Politics & Policy

The Iraqis and The Neocons

Arab democracy is a work in progress.

In that wonderful way the old media have for admitting error, the Washington Post last week announced in breathless tones that many “anti-American” Iraqi leaders have been busily denouncing the “insurgents” for the constant attacks on Iraqis. The “anti-American” bit is misleading. It would be more accurate to say “anti-occupation,” which would make it possible for the American public to appreciate one of the two great things about Iraqi liberation: namely, the Iraqis themselves (the other great thing is the American military).

The Iraqis have a fine understanding of their situation, as reflected in many polls and anecdotes. In big majorities, here is what they think:

‐Happy to have been liberated from the monster Saddam, thus grateful to the Coalition forces, especially the Americans;

‐Unhappy to be occupied, thus angry at the Coalition Provisional Authority, especially the haughty Ambassador Bremer, who rarely missed an opportunity to present himself as the savior of the country and bridled at the very idea that Iraqis–especially anti-Baathist Iraqis–should be entrusted with the management of the country;

‐Eager to have the occupiers leave, but also:

‐Eager to have Coalition forces remain to help protect Iraq against the onslaught of terrorists (can we stop calling them “insurgents” finally?), both from the ranks of the Baathists, and from abroad.

Good attitudes, don’t you think? Rational, sensible, and mature. And along with their clear-eyed views, the Iraqis have shown a toughness and resiliency that few expected. The more common forecast was that the Iraqis were exhausted and broken after the long, harsh dictatorship, and that it would take quite some time, a generation anyway, before they would be capable of self-government.

In short, the Iraqis are providing exactly what the doctor ordered, and it’s particularly gratifying because the Iraqis have been given an enormous, perhaps even historic burden. The Iraqi people are the test case of the conviction that people everywhere, even the much-despised Arab people, want to be free and are capable of governing themselves. If the Iraqis succeed, they will surely inspire a vast democratic revolution throughout the region. If they fail, the tyrannical terror masters in Damascus, Tehran, and Riyadh will live to kill yet again.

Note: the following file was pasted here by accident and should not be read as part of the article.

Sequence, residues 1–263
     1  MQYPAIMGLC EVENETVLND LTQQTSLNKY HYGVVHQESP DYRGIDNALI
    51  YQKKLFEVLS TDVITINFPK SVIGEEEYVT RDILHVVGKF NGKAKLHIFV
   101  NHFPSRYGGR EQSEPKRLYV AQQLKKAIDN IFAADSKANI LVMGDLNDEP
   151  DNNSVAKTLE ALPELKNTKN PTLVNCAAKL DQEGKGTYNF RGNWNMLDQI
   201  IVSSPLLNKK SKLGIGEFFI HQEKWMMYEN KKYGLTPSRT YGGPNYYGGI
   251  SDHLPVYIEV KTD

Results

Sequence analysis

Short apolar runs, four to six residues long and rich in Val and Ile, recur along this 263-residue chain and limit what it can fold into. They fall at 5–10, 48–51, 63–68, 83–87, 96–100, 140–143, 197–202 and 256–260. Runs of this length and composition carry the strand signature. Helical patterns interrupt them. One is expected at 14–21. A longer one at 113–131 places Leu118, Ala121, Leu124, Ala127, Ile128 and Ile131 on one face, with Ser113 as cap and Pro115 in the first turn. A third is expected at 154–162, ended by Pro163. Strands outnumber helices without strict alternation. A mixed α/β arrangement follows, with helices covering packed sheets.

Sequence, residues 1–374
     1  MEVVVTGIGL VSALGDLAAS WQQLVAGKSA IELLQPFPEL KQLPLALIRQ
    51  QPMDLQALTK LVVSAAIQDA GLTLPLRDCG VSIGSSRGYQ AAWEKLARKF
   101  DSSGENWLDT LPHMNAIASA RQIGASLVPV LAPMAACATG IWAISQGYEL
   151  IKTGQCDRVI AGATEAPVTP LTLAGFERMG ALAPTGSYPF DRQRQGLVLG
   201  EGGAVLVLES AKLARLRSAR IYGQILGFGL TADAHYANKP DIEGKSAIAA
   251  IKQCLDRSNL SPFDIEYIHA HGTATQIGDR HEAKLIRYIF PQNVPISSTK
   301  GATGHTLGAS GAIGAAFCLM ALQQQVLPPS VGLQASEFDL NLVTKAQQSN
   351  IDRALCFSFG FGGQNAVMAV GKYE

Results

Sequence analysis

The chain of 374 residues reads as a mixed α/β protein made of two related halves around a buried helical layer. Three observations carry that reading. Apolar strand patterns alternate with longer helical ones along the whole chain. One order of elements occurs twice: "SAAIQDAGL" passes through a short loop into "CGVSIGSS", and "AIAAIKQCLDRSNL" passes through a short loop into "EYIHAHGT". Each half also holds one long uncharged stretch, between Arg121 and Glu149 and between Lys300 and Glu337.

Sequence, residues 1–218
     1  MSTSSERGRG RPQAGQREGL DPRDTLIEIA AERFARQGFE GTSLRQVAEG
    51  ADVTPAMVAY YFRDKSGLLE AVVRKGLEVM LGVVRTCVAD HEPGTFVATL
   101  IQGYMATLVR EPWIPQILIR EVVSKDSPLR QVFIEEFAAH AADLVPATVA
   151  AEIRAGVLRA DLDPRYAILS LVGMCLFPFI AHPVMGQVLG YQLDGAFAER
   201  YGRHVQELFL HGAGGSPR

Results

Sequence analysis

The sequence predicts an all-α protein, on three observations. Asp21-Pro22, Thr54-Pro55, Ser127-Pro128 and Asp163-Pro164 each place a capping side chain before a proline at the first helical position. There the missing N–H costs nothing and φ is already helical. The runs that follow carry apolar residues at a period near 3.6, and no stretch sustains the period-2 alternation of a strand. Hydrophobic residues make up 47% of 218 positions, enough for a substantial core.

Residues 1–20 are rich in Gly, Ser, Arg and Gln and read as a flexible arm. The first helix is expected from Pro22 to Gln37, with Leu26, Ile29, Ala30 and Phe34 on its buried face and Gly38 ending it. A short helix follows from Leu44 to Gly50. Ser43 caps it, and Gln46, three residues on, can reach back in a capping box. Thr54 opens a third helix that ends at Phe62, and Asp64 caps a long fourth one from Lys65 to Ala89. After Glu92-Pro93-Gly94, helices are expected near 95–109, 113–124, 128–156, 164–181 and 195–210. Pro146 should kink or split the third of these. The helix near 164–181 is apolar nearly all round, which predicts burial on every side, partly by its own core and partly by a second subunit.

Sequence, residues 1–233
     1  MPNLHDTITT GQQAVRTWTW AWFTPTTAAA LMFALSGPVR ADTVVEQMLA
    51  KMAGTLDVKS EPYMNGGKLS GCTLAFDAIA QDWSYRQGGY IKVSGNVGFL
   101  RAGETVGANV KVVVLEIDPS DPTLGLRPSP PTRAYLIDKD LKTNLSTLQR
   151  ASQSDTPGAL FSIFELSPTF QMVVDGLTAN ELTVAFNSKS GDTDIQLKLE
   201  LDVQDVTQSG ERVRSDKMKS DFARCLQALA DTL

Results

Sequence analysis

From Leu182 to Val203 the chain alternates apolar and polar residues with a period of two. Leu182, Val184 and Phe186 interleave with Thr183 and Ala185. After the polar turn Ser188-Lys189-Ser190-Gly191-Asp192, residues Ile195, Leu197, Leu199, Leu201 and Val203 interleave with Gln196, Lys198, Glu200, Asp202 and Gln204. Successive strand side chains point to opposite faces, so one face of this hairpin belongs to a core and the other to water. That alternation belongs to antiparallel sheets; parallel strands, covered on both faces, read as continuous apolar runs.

So far, at least, they are exceeding expectations, and they are saying things that our own leaders seem afraid to say: namely, that the wave of terrorism in Iraq is in large part the work of foreigners. Unlike, say, the Department of State, Iraqi leaders–most definitely including some top Shiites–are quite outspoken about Iran’s vigorous actions supporting the terror network inside Iraq. It’s quite likely that the new Iraqi Government will bring some much-needed clarity to discussions of the terror war.

Of course there are things that don’t inspire me. I’m worried about Iraqi Prime Minister Iyad Allawi’s ugly past, and I’m very worried about the return of so many Baathists to positions of considerable power–this last the result of Bremer’s ill-judged turnaround on DeBaathification. I’m not impressed with Lt. Gen. David H. Petraeus, but I think we’ve made enough errors about the training of the new Iraqi security forces so that some of the most egregious ones will be avoided henceforth. Said Iraqi security forces seem to be fighting much better, especially in the recent victory over Moqtada al Sadr. Let’s hope they perform as well in the upcoming battles in and around Fallujah.

But the bottom line is that it’s getting increasingly difficult to maintain the old racist doctrine that Arabs can’t govern themselves, and that our job is therefore to pick the best available tough guy to run the place. Those of us who argued from the beginning that there were plenty of Iraqis capable of governing the country, and therefore that our plan for liberation needed to be much more political, have every reason to think we were right.

And one more thing, never mentioned in the old media. Who was that Iraqi Shiite politician who spent days negotiating the agreement in Najaf that sent Moqtada out of the city and into abject defeat? It was Ahmad Chalabi, the State Department’s and CIA’s most despised Iraqi. And for those of you who still think that Chalabi might secretly be the Iranians’ key agent inside Iraq, ask yourself how the mullahs felt when Moqtada tucked his long forked tail between his legs and limped off to lick his wounds. They hated it. And Chalabi was the key figure in the negotiations. Some agent he turned out to be!

So the conventional wisdom has failed once again. The Iraqis turn out to be much better than the pundits thought, there is a real hope for an Iraqi model for the rest of the region, and the idea of Arab democracy is not a fantasy but a work in progress.

Maybe somebody might give some credit to President Bush for intuitively understanding what the bureaucratic gurus rejected out of hand: that the surest way to defeat the terror masters is to support democratic revolution in the Middle East.

Michael LedeenMichael Ledeen is an American historian, philosopher, foreign-policy analyst, and writer. He is a former consultant to the National Security Council, the Department of State, and the Department of Defense. ...


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